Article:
My community don't need to be told how good Australia's response to COVID-19 is when their vaccines are being ripped away. As a pharmacist and a local MP, I'm devastated to see people who've booked a jab not be able to have their jab, to see businesses fold and to see students stuck at home struggling without devices that they need to support them. I've lost count of the number of times this government has failed my community on the Central Coast of New South Wales throughout this pandemic. The botched vaccine rollout, the quarantine breaches and the lack of financial support during lockdown have left people confused, angry and afraid. And what we see time after time is this government failing to take responsibility for their actions.
In my community, one in five people are aged over 65, vulnerable or exposed, and when the rollout first began in February we were relieved to hear that all aged-care workers would be vaccinated by Easter. It's now August and just over one-third of aged-care workers have received both doses. There are frontline workers at risk, as are the people who they care for. They should have been at the front of the queue, but instead they're waiting in line with the rest of us. There are countless local people on the Central Coast who are still waiting to get their first dose, and we're in week 7 of lockdown. We're being told repeatedly that the way out of lockdown is through vaccination—and as a pharmacist I know that—but at the same time locals have had their appointments cancelled because their vaccines were being redirected to year 12 students in Sydney. Locals are expected to accept that we're counted as part of Greater Sydney for lockdown but we're part of regional Australia when vaccines are being redirected.
Last week I asked the Prime Minister about this in question time. What did he say? What was his answer to my community? He said the federal government did not support the initiative to redirect those doses away from the Central Coast. But what did he do about it? My community is now stuck in the middle of a fight between the Prime Minister and the Premier, and the Prime Minister refuses to accept responsibility. This was avoidable. It was preventable. It wouldn't have happened if the Prime Minister had secured enough vaccines in the first place for all Australians.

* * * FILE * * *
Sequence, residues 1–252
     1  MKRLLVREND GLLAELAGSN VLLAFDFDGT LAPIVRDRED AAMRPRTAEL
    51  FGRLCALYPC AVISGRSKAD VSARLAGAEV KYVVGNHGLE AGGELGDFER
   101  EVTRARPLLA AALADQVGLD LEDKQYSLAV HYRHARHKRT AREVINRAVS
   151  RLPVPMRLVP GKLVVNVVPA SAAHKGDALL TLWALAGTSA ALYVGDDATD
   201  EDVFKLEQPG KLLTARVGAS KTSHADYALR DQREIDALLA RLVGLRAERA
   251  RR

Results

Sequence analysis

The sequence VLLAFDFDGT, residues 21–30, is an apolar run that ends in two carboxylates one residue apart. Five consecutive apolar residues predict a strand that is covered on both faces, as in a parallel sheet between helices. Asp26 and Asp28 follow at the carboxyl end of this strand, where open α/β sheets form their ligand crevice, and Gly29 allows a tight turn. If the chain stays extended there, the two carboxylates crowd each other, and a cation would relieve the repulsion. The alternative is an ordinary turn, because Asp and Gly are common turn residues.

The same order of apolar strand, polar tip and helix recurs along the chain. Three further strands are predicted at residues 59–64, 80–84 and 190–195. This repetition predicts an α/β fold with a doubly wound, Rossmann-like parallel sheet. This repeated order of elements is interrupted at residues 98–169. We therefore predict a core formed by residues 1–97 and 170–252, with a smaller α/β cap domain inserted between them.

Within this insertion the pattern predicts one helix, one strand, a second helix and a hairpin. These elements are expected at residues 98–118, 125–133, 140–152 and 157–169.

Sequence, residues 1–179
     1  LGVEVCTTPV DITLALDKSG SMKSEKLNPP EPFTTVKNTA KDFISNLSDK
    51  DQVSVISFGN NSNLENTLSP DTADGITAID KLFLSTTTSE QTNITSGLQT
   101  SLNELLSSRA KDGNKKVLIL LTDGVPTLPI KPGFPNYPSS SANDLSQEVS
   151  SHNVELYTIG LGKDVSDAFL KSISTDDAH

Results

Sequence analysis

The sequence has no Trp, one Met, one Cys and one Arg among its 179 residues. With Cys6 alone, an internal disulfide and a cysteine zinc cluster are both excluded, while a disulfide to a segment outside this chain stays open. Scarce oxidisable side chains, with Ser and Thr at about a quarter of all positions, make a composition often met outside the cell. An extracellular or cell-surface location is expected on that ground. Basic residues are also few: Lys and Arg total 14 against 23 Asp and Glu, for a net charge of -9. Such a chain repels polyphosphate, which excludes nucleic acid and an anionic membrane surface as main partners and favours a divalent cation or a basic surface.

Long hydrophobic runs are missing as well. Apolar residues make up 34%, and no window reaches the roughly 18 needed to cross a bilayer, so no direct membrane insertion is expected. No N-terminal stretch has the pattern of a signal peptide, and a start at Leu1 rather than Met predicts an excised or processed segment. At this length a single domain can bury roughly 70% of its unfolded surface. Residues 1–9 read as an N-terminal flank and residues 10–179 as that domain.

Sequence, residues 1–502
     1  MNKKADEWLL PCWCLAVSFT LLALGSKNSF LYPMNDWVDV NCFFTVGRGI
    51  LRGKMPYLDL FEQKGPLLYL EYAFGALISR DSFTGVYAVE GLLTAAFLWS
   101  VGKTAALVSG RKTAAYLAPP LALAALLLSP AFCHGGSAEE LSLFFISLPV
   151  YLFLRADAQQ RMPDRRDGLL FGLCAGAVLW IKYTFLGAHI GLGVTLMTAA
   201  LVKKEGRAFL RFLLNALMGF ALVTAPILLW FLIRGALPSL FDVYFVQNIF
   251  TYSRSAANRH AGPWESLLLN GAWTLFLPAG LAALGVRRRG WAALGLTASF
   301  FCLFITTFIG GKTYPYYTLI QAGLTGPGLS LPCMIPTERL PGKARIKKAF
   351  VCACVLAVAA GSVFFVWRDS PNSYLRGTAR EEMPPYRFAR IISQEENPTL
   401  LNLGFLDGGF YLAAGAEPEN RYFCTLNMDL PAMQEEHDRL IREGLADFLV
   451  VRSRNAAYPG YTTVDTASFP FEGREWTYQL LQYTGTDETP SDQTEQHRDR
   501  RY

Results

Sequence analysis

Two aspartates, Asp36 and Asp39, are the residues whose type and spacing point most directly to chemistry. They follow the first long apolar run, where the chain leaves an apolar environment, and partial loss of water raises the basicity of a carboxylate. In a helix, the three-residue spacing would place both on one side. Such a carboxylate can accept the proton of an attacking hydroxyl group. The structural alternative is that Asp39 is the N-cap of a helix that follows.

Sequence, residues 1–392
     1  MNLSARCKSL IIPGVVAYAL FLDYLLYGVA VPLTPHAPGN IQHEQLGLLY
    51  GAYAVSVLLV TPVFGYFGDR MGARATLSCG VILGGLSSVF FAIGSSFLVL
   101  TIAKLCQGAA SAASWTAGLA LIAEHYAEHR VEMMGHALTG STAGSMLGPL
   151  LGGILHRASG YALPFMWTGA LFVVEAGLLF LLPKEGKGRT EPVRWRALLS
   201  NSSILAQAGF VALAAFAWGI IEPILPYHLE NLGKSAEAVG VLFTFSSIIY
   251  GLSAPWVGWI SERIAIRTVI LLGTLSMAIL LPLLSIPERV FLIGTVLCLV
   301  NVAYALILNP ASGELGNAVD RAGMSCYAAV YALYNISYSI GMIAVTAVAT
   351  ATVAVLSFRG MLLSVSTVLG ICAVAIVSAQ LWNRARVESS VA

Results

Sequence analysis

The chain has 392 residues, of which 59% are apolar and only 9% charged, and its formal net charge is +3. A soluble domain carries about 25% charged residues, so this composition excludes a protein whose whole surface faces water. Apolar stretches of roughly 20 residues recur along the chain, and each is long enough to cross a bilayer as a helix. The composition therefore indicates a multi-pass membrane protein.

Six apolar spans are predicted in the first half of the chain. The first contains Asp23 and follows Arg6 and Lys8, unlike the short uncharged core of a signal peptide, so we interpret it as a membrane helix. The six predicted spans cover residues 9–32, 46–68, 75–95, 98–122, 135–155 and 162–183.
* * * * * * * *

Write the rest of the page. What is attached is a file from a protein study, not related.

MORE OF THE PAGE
Now we see vulnerable people at risk and not vaccinated; people like Nadine from Gorokan. Nadine is an unpaid carer who looks after her two elderly parents at home. She was told by her GP she needed Pfizer because she has a stent and other medical issues. Nadine booked her appointment and then found out her dose was being redirected to Sydney. She said, 'It caused me great distress seeing happy, smiling students on TV getting their vaccine while I remain a vulnerable carer locked down.' If the government hadn't botched the vaccine rollout, Nadine and others like her would be vaccinated right now. They'd be safe and protected.
Not only has the government failed to secure enough vaccines; they've failed to secure enough places for people to access them, delaying access to thousands of Australians by not including pharmacies in the rollout earlier. The government says to go to your pharmacist and get a jab, but how can people? As a pharmacist and a trained immuniser, I know pharmacists across Australia have been ready to be part of the rollout for months, but they've been sidelined by this government. It's only this past week that pharmacies on the Coast have been able to administer vaccines. How can you expect people to get vaccinated when you're redirecting their vaccines from the area and didn't include pharmacies in the rollout from the beginning? We've seen the vaccination rates that countries across the world have been able to reach, safely and effectively, when pharmacies have been involved from the beginning.
If that weren't enough, there's also the issue of financial support for people in lockdown. When stay-at-home orders were first issued seven weeks ago, local workers and business owners on the Coast were left with bills to pay, cancellations to process and little certainty about the future. The government brought out JobKeeper and, in another fight between the Prime Minister and the New South Wales government, my community was left behind. Instead, just $500 was offered to individual workers to help them get through. That's less than an apprentice's wage. How is a young family on the Coast supposed to support themselves on that? After calls for more support, the government reluctantly agreed to increase payments. Why didn't they offer them in the first place? Now we hear of more support in Melbourne. While it's welcome, of course, people on the Coast are still being left behind.
These things add up. We're in the middle of a health crisis and Australians need a government they can rely on. But we can't rely on the Morrison Government. Telling us that populations the size of Adelaide, Newcastle or the Gold Coast are vaccinated while we can't get a jab isn't good enough. What we've come to expect from this government is being too slow to act, refusing to take responsibility for their actions and relying on spin to avoid answering the tough questions in the middle of a global pandemic. People in my community on the Central Coast deserve better. They're paying the price for this government's inaction.